Thursday, August 23, 2012


[Bluegrass banjo great Sammy Shelor of the Lonesome River Band]

August 17-19, 2012
Vista, California

The Summergrass Bluegrass Festival recently celebrated its tenth anniversary in the rolling hills of Vista, California just north of San Diego. The 3-day festival presented an impressive array of local groups alongside national acts, including some of the premiere acts in the Bluegrass field. The southern California sun shone mercilessly on the crowd, but clever festival organizers had assembled a large sheer tent of silky green cloth over the main seating area that provided shade for a majority of the onlookers.

You can expect to hear “Rocky Top” at least once over the course of a weekend spent at any Bluegrass festival. Local favorites Virtual Strangers did the old chestnut in fine fashion during a Saturday afternoon set that also featured a take on Poco’s “Honky Tonk Downstairs”, a song that many may be familiar with thanks to George Strait’s rendition from several years ago. San Diego’s Lighthouse kept the music flowing through the afternoon with a set heavy on gospel themes including the poignant “On My Mother’s Side”.

[Mike Tatar and Jon Cherry of Virtual Strangers on dobro and mandolin]

Among the youthful crews on the program were the Tuttles with A.J. Lee, whose sound featured beautiful vocal harmonies and the mind-blowing guitar work of young Sullivan Tuttle. The band’s bouncy spin on “My Window Faces The South” was a perfect showcase for Sullivan’s fluid, jazzy guitar lines. The faraway look in the young man’s wide eyes stood in sharp contrast to his confident mastery of the fretboard as he reeled off one hot lick after another, bringing an unexpected dose of Django Reinhardt to the proceedings. The band’s set was further brightened by the inclusion of Townes Van Zandt’s “White Freight Liner” and an encore of Bill Monroe’s “White House Blues”.

[Lighthouse onstage at the 2012 Summergrass Bluegrass Festival]

Another young band on the bill was Florida’s Flatt Lonesome. Their rendition of “Jackson” elicited enormous applause from the crowd, as did an excellent original song of theirs called “I’m Blue”. Ben Rochester’s gospel number “The Right Side” was beautifully embellished by the exquisite harmonies of Flatt Lonesome’s Kelsi and Charli Robertson.

[Flatt Lonesome]

The impressive vocal stylings on display at Summergrass continued with a Sunday afternoon performance by Blue Mountain Mule. The emotive vocal phrasings of Sharron Evans totally redefined “I’m So Lonesome I Could Cry”. Her voice soared above the melody, setting its own lilting pace across the tempo. Unfurling plaintive blue notes galore, Evans took this country classic we’ve all heard a million times and made it her own.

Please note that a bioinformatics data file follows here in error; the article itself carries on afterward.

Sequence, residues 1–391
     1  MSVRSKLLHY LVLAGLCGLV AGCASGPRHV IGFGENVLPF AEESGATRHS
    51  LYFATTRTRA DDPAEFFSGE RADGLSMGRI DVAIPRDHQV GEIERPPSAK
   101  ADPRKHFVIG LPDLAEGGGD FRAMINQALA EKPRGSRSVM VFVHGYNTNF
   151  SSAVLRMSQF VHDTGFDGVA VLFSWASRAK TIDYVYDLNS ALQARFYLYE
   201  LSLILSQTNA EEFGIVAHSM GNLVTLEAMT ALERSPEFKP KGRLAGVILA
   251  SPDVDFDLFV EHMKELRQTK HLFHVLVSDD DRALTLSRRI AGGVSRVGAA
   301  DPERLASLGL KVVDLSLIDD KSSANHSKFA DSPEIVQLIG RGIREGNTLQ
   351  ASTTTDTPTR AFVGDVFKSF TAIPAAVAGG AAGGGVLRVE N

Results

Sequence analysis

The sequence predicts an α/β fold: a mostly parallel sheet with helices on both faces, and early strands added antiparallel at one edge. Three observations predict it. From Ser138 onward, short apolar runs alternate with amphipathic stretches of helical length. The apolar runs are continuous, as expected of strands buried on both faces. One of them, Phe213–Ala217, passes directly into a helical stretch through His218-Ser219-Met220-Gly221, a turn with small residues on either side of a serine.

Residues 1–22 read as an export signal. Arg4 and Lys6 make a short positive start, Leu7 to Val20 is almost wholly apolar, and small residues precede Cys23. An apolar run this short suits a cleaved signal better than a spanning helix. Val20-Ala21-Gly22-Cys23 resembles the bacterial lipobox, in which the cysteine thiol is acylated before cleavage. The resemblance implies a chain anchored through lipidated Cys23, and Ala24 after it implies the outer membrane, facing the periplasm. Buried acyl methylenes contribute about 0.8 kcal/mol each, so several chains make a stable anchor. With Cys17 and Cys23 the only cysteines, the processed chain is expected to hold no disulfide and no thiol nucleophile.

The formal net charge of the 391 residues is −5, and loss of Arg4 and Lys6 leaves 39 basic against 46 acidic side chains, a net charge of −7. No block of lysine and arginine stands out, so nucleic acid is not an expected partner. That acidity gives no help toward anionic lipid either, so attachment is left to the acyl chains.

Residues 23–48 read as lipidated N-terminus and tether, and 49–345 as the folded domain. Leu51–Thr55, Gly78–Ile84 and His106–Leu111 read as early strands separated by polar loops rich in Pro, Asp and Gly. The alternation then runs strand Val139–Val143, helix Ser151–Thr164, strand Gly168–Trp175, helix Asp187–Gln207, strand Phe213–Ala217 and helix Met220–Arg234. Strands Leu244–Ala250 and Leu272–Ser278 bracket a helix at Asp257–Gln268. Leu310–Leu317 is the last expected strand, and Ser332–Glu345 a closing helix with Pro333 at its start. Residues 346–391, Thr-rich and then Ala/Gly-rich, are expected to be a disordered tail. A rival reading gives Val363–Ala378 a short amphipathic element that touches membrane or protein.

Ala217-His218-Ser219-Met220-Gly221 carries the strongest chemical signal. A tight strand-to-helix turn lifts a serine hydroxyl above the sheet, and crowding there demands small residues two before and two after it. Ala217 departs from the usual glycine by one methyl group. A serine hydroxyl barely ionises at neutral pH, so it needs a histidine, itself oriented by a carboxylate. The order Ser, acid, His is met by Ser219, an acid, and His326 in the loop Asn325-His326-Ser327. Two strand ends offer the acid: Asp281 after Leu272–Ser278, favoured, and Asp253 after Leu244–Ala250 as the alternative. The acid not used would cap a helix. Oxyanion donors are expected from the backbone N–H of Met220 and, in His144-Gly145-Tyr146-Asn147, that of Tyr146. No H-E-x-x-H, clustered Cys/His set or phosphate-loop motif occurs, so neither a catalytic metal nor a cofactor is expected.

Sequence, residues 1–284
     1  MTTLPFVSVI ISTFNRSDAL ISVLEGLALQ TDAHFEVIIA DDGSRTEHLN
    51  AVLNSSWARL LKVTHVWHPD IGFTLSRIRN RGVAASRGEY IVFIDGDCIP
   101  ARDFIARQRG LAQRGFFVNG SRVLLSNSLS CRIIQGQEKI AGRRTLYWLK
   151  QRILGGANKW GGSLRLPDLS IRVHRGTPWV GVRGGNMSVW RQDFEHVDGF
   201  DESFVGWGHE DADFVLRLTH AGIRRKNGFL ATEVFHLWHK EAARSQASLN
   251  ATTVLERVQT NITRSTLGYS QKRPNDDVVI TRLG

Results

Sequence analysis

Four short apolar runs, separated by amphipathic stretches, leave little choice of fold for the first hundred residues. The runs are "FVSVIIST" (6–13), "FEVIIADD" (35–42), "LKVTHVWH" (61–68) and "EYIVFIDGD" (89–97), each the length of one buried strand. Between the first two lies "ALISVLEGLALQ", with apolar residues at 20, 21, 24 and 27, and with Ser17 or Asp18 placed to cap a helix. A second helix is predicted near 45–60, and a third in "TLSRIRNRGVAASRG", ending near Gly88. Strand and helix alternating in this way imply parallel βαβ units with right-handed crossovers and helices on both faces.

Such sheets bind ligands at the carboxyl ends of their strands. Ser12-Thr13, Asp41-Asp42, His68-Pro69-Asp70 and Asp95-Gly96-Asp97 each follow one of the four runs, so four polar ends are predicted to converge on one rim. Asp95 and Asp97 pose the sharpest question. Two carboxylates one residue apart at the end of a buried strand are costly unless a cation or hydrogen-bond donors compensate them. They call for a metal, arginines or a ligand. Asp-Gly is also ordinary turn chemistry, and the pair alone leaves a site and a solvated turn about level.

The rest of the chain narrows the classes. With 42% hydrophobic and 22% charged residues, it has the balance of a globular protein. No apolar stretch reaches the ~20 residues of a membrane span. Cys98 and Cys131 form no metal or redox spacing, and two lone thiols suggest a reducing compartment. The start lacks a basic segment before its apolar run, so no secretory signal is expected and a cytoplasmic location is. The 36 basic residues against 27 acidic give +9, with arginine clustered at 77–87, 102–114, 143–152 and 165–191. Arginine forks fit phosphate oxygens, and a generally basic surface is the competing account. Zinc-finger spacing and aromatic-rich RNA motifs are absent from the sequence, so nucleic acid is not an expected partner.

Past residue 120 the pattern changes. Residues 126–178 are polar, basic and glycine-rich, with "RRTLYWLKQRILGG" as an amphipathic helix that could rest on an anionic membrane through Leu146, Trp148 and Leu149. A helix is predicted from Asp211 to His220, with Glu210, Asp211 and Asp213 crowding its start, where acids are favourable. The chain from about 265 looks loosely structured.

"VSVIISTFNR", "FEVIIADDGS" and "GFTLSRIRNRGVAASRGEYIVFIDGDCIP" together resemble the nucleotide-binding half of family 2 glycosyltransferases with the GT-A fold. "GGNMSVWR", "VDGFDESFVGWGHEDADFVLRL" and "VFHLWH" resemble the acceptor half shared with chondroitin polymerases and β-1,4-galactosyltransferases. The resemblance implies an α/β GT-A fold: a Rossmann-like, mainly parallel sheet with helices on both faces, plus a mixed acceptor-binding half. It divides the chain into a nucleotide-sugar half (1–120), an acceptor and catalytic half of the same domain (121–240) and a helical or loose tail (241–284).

A clear highlight of the weekend was the appearance of Bluegrass legends the Lonesome River Band, whose Sunday afternoon set included spirited takes on “Jack Up The Jail”, “Perfume, Powder & Lead”, and “Flat Broke And Lonesome”. Thirty year veterans of the Bluegrass scene, these men have played more stages than you could count. In spite of the summer heat, the crowd could sense the band’s natural camaraderie and good humor onstage. Lead singer Brandon Rickman invited fans to join them for a swim after the show, saying, “If y’all get bored, we’ll be at the pool at the La Quinta.”

[Campground jam session at Summergrass]

After closing out their set with a deft sprint through the old classic “Sittin’ On Top Of The World”, the band was quickly called back for an encore. Rickman seized the opportunity to call attention to the great many awards and accolades that have been bestowed on the band’s legendary banjo player Sammy Shelor. Recently awarded the Steve Martin Award for Excellence in Banjo and Bluegrass, Shelor’s singular banjo style defines the Lonesome River Band sound. The band selected “Molly” for their encore, showcasing a banjo and fiddle duet of stunning beauty just before the song’s final chorus.

[Another of the many campground jam sessions at Summergrass]

Other features of the festival included workshops for adults and kids interested in learning more about Bluegrass singing, songwriting and performance, as well as numerous sponsors on site with booths featuring CDs, instruments, clothing, and a raffle that included two guitars, a banjo, and a mandolin among the prizes. All weekend long there were dozens of spontaneous jam sessions throughout the festival grounds, on picnic tables, and in the concessions area. The sound of live music could be heard coming from all around the adjacent campground, where many handmade instruments were being played including a large washtub that had been converted into a stout little upright bass that resembled a fat brown banjo.

[Handmade bass fiddle]

Perhaps the festival’s greatest feature is its setting on the sprawling grounds of the Antique Gas & Steam Engine Museum. Spread over several acres of rolling hills, the museum is like a giant American Folk Art sculpture garden, with several barns filled to overflowing with hundreds of vintage tractors, farm implements, steam engines, classic cars and trucks, and a stunning variety of antique machinery spread out all over the surrounding flatlands and hillside. It was the perfect setting for a Bluegrass festival. Tourists and travelers planning a visit to southern California are advised to consider the Summergrass Bluegrass Festival as their destination. A fascinating glimpse at our nation’s industrial past, the Antique Gas & Steam Engine Museum itself is worth the trip. Add a first class Bluegrass festival to the picture and it’s Americana overload, fun-filled and family-friendly. I can’t imagine a summer weekend better spent.


Summergrass website:

Antique Gas & Steam Engine Museum website:


1 comment:

Women Who Say said...

Great, great article about my favorite bluegrass festival. Thanks so much for sharing!!